Part No: BBI 42717
Brand: Bearing Buddy
One pair – Bearing Buddy with Bra
For use with:
Outer Bearing: L14124, 14125A
Outer Race: 14276
HOW IT WORKS
The axle hub is filled with grease until the grease forces the Bearing Buddy® piston outward about 1/8 inch. Because the piston is spring loaded, the piston exerts a slight (3 psi) pressure against the grease, which maintains a slight pressure between the inside of the hub and the outside environment. When the hub is submerged, water cannot enter the hub because of this pressure. An automatic pressure relief feature prevents over-filling and over pressurization. Bearing Buddy diagram Without this feature, the inner seal will be damaged.
Grease can be added to the hub through an easily accessible grease fitting located in the center of the piston. Lubricant level (and pressure) can be checked quickly by pressing on the edge of the moveable piston. If you can rock or move the piston, the hub is properly filled. Bearing Buddy® will last the life of your trailer. The outer barrel is made of steel and is triple chrome plated. Internal Bearing Buddy® parts are made of stainless steel. Bearing Buddy® is also available with a stainless steel barrel for maximum corrosion protection.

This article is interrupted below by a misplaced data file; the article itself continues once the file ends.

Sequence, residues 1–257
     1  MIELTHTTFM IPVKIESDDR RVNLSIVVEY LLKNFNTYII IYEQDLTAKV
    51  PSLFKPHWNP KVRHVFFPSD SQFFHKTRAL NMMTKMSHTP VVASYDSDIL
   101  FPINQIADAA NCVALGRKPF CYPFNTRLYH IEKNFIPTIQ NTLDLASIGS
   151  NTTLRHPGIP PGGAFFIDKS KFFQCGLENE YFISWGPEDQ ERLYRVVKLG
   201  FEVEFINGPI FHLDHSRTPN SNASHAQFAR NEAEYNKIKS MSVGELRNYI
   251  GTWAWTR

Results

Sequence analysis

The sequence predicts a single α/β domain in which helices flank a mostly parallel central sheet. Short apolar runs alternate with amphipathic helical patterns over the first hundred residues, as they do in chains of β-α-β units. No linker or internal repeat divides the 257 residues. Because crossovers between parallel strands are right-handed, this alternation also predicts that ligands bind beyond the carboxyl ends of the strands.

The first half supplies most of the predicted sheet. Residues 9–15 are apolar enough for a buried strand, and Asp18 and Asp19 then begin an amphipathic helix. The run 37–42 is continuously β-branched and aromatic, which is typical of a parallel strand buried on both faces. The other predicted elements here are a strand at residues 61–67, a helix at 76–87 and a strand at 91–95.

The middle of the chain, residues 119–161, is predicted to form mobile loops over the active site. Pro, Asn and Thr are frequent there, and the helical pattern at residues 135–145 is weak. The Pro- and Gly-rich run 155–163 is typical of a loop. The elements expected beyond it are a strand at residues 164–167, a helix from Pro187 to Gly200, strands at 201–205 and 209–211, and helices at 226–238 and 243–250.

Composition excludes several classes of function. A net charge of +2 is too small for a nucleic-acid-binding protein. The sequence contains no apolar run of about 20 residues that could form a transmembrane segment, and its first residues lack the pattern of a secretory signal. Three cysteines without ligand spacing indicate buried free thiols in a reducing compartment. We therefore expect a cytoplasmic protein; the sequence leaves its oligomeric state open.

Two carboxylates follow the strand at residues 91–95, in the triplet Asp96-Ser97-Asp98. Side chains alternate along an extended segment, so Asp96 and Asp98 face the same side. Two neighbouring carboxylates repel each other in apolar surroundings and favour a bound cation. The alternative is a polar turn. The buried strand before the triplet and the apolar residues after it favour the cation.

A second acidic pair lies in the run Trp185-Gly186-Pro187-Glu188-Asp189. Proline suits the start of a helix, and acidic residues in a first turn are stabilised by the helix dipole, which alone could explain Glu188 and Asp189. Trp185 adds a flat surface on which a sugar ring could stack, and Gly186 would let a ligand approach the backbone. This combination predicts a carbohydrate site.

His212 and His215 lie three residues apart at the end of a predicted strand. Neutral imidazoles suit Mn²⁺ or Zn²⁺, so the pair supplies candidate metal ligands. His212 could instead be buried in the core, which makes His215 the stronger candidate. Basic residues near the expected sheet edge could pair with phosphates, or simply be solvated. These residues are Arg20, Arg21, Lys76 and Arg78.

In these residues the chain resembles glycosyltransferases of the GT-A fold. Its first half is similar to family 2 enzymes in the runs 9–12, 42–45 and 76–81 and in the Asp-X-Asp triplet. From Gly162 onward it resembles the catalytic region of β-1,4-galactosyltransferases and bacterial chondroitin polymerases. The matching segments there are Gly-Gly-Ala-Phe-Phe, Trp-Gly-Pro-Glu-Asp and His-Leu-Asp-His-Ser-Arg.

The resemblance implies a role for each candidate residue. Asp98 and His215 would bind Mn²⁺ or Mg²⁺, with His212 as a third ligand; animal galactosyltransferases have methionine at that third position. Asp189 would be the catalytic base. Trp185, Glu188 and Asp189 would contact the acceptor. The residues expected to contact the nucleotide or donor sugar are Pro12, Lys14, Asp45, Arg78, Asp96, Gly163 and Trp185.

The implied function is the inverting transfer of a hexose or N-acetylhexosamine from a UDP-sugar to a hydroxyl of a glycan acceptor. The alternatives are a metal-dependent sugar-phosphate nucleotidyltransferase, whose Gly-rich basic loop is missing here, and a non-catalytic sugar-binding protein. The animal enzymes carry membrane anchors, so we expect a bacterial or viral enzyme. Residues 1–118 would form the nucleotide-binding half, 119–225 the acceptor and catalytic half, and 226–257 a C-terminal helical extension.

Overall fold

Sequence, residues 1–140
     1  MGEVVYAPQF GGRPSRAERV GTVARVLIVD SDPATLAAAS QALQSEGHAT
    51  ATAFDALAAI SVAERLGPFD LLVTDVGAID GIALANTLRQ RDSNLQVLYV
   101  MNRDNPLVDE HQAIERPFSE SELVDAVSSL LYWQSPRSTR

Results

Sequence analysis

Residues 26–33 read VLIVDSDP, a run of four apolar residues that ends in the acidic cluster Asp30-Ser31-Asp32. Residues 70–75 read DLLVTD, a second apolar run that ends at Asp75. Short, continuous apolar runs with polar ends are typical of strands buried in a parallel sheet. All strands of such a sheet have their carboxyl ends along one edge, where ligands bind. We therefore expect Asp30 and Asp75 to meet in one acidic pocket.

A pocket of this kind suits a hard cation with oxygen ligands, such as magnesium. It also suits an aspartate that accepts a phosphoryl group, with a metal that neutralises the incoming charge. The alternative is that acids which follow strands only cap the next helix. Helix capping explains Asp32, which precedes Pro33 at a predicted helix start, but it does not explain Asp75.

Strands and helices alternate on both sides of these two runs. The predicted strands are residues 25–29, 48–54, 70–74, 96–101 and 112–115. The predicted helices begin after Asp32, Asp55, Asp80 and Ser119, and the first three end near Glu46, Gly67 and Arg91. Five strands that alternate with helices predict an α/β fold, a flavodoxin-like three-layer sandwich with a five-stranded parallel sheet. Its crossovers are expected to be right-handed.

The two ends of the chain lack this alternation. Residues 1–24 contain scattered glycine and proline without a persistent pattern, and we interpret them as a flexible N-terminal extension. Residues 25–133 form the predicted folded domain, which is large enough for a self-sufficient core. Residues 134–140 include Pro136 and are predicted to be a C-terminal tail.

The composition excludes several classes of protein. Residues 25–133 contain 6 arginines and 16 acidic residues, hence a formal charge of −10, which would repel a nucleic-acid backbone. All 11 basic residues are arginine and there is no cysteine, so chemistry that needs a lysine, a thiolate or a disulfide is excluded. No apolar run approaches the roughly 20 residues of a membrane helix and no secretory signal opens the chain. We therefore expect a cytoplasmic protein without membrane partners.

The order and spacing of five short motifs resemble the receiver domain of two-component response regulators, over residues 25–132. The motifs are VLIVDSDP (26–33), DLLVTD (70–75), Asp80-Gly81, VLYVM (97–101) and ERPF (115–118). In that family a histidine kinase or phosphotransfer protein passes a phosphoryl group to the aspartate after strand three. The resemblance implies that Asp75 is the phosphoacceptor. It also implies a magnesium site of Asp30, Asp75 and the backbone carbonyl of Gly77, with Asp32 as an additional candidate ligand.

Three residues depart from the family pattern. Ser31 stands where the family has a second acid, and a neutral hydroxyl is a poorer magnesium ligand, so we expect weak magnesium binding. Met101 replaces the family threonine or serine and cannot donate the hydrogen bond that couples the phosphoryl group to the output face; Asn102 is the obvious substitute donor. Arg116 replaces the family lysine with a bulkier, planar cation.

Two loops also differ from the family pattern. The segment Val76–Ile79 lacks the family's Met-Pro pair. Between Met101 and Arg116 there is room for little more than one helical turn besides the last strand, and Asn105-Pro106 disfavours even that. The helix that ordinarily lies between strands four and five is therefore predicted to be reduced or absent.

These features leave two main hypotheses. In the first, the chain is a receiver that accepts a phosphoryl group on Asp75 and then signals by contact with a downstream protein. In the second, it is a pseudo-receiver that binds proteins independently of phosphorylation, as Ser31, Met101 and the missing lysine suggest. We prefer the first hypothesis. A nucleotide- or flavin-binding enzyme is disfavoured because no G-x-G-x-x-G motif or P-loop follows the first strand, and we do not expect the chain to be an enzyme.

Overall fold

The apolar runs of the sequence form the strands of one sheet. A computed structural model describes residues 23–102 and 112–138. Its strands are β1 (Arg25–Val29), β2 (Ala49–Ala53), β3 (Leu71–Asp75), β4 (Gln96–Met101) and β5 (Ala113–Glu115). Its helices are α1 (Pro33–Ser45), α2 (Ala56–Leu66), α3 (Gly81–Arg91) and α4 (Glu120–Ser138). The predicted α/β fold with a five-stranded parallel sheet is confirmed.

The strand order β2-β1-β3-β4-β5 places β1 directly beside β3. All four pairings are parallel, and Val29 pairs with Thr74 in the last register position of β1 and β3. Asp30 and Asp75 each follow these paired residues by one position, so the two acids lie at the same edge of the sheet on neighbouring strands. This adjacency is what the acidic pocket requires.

WHY TRAILERS NEED BEARING PROTECTION
Trailering, even a short distance, heats the hubs. When the wheels are submerged during launching, the hubs suddenly cool and the air inside the unprotected hubs contracts, forming a vacuum which draws in water through the rear seals. There is no such thing as a rotating seal that stays perfect. Water and grit thus drawn into the hubs relentlessly destroy bearings. When properly installed and maintained, Bearing Buddy® prevents wheel bearing failure and eliminates bearing repacking. Boat trailer wheels can be completely submerged. Utility Equipment, ATV, Horse, Camping, and other occasional use trailers
These trailers, because they are not used regularly, are also subject to bearing corrosion and failure from condensation moisture from air sucked into hot hubs as they cool. Moisture stays in the hubs causing rust and pitting until they are reheated when the trailer is used again.